I’m building a movie review aggregation site that combines user ratings and critical reviews for a given movie. The objective is to create a list of the “best of the best” movies which were rated highly by the general audience and which were hailed by critics as one of the best movies of the year.

I have two data sets:

  1. Audience Ratings: Scored from 1 - 5 stars. Due to the limitations of the data set I'm using, the standard deviation of audience ratings for a given film is unknown.

  2. Critical Ratings: Many critics don’t provide quantifiable ratings (i.e. letter grade, star rating) in their reviews, and I don’t want to read through hundreds of reviews and hand code them myself (which is what Metacritic does). As a proxy for critical reception, I’m looking at yearly “Best Movie” lists, and scoring movies based on how many “Best Movie” lists they appeared on in a given year. For example, if there are 20 “Best movies of 2021” lists and a movie appears on all 20 lists, then it would receive the highest score, whereas if a movie didn’t appear on any Best Movie lists at all it would receive the lowest score.

My question: is there any way to combine the user ratings and critical ratings into a single composite score in a way that isn't completely arbitrary? I see most review aggregator sites (e.g. Rotten Tomatoes, Metacritic) keep audience and critical scores separate, but I wanted to hear people’s ideas on whether there is a statistically valid way to create a composite score to create the most simple user experience possible.

What I've already tried

One approach is to normalize both the Audience Rating and the Critical Rating, and then creating a weighted average of the two, placing much more weight on the Audience Rating because it encompasses far more data points. This weighted average would serve as the Composite Score for a given movie and would be the basis of movie rankings for a given year, genre, etc.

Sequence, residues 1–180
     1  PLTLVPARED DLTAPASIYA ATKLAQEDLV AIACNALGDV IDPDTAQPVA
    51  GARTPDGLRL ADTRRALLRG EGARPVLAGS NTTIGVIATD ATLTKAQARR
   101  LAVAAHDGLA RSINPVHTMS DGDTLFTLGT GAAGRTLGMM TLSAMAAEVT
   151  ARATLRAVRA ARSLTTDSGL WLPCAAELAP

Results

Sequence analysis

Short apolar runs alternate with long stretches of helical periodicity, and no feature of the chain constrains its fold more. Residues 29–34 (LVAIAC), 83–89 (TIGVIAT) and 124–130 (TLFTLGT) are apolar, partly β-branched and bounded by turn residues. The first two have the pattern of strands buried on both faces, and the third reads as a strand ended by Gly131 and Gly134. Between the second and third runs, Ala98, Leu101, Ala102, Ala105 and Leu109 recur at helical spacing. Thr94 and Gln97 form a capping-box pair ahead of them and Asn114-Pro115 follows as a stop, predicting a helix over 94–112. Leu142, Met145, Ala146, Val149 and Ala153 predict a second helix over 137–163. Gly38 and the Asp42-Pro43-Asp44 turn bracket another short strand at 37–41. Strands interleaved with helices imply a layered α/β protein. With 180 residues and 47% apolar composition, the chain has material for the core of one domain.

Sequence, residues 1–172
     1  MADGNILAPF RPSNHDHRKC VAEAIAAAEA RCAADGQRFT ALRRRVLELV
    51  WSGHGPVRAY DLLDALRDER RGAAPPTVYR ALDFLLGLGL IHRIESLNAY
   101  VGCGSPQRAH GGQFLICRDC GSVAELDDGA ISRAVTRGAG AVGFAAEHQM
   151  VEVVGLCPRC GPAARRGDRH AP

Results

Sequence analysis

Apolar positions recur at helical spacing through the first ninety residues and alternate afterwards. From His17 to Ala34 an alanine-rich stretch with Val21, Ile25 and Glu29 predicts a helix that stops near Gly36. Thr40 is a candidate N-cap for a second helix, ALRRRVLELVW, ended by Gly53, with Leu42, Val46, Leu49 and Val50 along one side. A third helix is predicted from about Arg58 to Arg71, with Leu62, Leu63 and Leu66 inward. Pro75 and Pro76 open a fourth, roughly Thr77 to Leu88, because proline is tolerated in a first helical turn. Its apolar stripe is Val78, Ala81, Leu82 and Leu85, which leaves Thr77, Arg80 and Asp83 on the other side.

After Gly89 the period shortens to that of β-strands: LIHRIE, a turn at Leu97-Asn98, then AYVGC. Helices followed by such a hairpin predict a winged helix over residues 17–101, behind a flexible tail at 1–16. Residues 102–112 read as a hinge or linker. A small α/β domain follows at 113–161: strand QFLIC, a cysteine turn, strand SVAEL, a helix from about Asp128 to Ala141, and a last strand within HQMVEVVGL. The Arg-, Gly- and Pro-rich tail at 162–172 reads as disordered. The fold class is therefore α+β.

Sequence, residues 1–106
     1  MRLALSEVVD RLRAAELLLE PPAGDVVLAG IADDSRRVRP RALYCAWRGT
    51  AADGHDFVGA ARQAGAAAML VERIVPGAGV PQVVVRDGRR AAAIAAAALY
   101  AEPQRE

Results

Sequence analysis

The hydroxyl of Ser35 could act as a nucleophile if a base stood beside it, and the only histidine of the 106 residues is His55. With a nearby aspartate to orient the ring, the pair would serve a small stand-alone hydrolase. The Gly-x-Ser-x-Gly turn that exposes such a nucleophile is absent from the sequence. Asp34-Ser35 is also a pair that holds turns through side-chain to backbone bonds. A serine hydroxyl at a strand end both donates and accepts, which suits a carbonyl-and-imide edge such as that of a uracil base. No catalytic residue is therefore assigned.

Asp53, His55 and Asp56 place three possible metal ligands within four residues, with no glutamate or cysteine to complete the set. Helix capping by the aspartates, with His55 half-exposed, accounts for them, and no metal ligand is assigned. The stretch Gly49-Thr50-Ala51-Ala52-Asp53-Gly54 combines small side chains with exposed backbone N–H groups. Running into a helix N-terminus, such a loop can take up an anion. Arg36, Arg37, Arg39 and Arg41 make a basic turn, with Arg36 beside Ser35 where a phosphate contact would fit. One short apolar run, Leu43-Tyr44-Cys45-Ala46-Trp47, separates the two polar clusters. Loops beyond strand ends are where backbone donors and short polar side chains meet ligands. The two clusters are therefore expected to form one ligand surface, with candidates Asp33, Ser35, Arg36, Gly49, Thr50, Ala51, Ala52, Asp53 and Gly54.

Here’s an example using Mad Max: Fury Road and Moonlight:

Mad Max Fury Road Audience Rating: 4.6 / 5

Mad Max Fury Road Critical Rating: Appears on 7 / 15 “Best Movies of 2015” lists

Mad Max Normalized Audience Rating: (4.6 - 1) / (5 - 1) = 3.6 / 4 = 0.9

Mad Max Normalized Critical Rating: (7 - 0) / (15 - 0) = 7 / 15 = 0.47

Weighted Average (giving 90% weight to Audience Rating at 10% weight to Critical Rating): (0.9 * 0.9) + (0.47 * 0.1) = 0.81 + 0.047 = 0.857

Moonlight Audience Rating: 4.3 / 5

Moonlight Critical Rating: Appears on 12 / 15 “Best Movies of 2016” lists

Moonlight Normalized Audience Rating: (4.3 - 1) / (5 - 1) = 3.3 / 4 = 0.825

Moonlight Normalized Critical Rating: (12 - 0) / (15 - 0) = 12 / 15 = 0.8

Weighted Average (giving 90% weight to Audience Rating at 10% weight to Critical Rating): (0.825 * 0.9) + (0.8 * 0.1) = 0.7425 + 0.08 = 0.8225


1 Answer 1


The weighted average is indeed a potential solution. But as you say, it's an arbitrary way of doing it (because you're arbitrarily setting the audience weight to 90%).

A possible improvement would be to try to define how the weights are set in a more data-driven way. For example, if there are $N_{u,m}$ user reviews for movie $m$ and $N_{c,m}$ critic reviews for movie $m$, you could create the user-score weight for that movie in the following way: $$ w_{u,m}=\frac{N_{u,m}}{N_{u,m}+N_{c,m}} $$ and the critic-score weight as: $$ w_{c,m}=1-w_{u,m} $$ However, I imagine there might be lots more user reviews than critic reviews. If this is the case, you could start with a sensible assumption such as "every critic review is worth 10 user reviews" or something like that. It will depend on the number of user reviews relative to the number of critic reviews - you can find a multiplier (like e.g. 10) that is sensible for your data.

Another completely different approach would be to do PCA on the two variables and see if you can use the first principal component as your final score. This might make sense since I imagine that the user scores and the critic scores are somewhat positively correlated. This also has the advantage of removing the subjectivity / arbitrariness component.

  • $\begingroup$ Would it be possible to do PCA even if I don't know the standard deviation of the audience ratings data set? My (limited) understanding is that standardization is the first step of PCA and for that I'd need to know the standard deviation of both data sets. $\endgroup$ Oct 7, 2021 at 1:17
  • $\begingroup$ @GaussianBlur You don't necessarily need to standardise when doing PCA, sometimes it's completely fine (or even recommended) to use the covariance matrix rather than the correlation matrix - it will depend on how different the scale and variance of your two variables are. Can you tell us more about the format of your dataset? $\endgroup$
    – Adrià Luz
    Oct 7, 2021 at 8:37

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